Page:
Before we left we visited with out friends Sandile and April.   As Sandile is South African (and from Durban) we were excited to know as much as we could learn beforehand to enhance our trip and frankly how not to embarass ourselves.  They were tremendously gracious at a hectic time in their life.  We mentioned that we had no idea what the itinerary would entail and Sandile asked if we were going to go on safari.  He mentioned that is usually a place just for tourists.  As he put it, “We have heard stories of lions from our grandfathers, and we are not too excited to see them.”

Yet, we are learning, that nothing overcomes our host’s desire to please us, which is truly a South African trait.  Of course, they had never been to a game preserve either.  On the way, we stopped at one of the most beautiful places we have been to and another remarkable story of this country in this remarkable time.  Mpume’s friend Zondile was a teacher for 14 years.  Suddenly and miraculously, she came into an opportunity to own a sugar cane field which she has turned into an incredible plantation of 180 hectares (whatever that means.  It was really big.)  The lush greeness against a dramatic sky was breathtaking.  After another wonderful South African meal we continued into Zululand on our way to the game preserve. 

On the way us, we experienced our first rain.  As we first entered into the preserve we almost immediately spotted impala ( the leading deer in Africa) and antelope.  We learned the next day that Impala is a source of food for 80% of the carnivores in the preserve.  The poor things have three stripes on their hind quarters that resemble the golden arches of McDonald’s and so it must seem to the animals chasing them.  We settled in with rain falling on our charming chalet.  I made a strategic decision.  No morning  run through the big game reserve.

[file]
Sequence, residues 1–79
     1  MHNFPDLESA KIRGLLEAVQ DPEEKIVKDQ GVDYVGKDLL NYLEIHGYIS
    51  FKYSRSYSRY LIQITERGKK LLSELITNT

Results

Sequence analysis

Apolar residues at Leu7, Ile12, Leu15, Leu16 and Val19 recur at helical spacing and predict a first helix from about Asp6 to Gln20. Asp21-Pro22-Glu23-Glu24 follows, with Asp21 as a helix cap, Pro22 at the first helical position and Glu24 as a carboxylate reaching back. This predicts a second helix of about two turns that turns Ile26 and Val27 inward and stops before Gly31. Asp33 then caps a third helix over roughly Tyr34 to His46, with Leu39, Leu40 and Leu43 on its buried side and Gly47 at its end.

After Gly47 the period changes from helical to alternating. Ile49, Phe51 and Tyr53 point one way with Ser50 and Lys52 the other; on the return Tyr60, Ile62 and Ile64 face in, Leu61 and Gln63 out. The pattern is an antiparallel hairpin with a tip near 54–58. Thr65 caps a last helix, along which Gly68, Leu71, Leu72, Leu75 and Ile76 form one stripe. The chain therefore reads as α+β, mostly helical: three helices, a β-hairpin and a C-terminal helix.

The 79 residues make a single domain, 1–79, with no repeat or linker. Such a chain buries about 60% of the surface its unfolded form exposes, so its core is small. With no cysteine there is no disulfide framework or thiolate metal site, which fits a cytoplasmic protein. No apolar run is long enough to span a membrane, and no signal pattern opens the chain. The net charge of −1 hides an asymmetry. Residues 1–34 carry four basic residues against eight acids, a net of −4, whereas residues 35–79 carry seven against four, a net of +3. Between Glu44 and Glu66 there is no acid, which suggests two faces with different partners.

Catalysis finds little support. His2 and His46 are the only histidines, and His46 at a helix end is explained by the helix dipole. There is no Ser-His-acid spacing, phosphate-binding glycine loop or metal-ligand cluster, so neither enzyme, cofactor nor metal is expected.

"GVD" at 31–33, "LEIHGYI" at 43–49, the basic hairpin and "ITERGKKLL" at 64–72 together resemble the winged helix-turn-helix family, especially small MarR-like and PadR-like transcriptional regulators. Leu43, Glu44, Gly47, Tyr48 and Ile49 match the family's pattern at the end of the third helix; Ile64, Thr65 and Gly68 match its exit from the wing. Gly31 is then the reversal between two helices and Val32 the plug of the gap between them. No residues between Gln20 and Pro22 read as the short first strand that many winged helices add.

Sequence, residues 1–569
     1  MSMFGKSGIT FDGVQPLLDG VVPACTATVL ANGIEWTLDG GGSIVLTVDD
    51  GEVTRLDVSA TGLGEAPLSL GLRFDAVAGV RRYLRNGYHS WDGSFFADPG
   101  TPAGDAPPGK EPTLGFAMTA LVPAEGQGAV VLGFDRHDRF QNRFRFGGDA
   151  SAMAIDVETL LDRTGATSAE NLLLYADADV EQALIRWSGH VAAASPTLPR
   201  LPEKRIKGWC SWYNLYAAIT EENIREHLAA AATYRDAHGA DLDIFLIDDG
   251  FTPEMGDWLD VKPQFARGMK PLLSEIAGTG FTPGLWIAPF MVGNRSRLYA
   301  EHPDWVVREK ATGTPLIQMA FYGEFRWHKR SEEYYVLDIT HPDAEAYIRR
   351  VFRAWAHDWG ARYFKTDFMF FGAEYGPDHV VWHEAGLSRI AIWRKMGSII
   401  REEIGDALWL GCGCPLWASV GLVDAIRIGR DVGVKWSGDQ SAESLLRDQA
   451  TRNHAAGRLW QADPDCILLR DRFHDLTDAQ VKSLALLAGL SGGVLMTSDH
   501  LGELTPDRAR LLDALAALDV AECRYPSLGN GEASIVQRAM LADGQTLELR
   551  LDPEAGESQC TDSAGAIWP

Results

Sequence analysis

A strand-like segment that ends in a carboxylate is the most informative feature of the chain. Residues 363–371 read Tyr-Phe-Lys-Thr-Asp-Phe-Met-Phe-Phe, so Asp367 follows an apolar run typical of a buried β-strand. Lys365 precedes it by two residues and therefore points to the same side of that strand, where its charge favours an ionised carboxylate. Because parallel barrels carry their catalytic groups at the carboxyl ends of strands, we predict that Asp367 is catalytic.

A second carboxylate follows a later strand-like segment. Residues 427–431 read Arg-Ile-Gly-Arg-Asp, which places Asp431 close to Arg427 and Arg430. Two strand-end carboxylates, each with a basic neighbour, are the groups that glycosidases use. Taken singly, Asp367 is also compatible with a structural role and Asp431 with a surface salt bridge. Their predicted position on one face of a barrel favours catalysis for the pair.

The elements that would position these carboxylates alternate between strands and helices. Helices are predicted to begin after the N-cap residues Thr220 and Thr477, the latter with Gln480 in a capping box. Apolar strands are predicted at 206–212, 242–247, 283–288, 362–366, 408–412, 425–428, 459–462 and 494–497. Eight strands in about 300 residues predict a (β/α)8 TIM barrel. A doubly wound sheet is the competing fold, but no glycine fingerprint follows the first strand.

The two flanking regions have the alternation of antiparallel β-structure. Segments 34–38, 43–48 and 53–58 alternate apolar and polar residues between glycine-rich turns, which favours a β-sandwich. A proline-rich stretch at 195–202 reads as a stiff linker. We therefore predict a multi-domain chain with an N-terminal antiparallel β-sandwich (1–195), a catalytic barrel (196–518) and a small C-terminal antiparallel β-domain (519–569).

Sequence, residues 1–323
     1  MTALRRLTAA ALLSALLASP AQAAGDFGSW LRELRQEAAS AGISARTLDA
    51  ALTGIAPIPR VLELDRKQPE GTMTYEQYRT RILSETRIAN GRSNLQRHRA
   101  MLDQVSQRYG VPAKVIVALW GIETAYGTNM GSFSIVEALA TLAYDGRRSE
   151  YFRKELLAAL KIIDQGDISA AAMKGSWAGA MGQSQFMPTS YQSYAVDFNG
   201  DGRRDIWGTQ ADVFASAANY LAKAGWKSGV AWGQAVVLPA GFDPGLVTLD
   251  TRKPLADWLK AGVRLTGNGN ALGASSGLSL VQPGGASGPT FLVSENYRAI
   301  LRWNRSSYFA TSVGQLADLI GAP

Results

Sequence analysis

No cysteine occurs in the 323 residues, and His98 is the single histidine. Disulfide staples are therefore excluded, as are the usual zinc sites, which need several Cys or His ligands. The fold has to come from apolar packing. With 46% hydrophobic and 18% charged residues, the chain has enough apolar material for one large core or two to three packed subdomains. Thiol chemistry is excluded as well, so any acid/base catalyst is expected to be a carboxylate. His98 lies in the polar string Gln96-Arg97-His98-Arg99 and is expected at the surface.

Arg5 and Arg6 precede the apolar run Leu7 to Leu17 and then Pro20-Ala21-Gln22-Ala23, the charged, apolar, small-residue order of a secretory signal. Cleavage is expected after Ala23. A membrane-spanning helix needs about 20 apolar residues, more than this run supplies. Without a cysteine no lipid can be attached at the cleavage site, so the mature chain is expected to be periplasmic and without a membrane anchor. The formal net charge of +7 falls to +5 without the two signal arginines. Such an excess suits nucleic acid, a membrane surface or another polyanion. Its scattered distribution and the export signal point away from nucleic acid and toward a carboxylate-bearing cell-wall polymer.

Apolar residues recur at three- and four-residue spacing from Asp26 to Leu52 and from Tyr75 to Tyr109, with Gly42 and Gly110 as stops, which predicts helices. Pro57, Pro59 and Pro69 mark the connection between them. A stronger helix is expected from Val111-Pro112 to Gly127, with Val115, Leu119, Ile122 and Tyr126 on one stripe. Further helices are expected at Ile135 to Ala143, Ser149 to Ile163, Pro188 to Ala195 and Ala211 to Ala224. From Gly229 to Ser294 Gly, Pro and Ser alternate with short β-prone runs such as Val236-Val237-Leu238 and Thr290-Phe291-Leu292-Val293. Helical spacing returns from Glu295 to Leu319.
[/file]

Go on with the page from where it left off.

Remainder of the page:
The weather the next day was like a cold and rainy early Spring day in Albany.  You are welcome, South Africa.  Bundled against the elements, we settled into a day that was likely to include rhinos, elephants, buffalo and leopards.  But they are not fond of the weather and despite the heroic efforts of our guide Francios and his Land Rover negotiating the mud, we found few of the animals we thought we would.  We did see wildebeats three times, but twice it was the same pack.  Yet, none of this could dampen (pardon the pun) our time together.  In the end, we really would like to be like South Africans so not seeing these animals actually makes us feel like them!  

Tomorrow, finally to KwaNdebeqheke for mass and a celebration of Momma Zondi’s birthday.

PS  Mpume’s great friend Stanley has driven us all over.  He too is part of our South African family.  Tonight, his son Abdul, won the nationwide reality show “Class Act.”  I was trying to find ways for people to vote him form the US but could not figure it out.  I am now friends of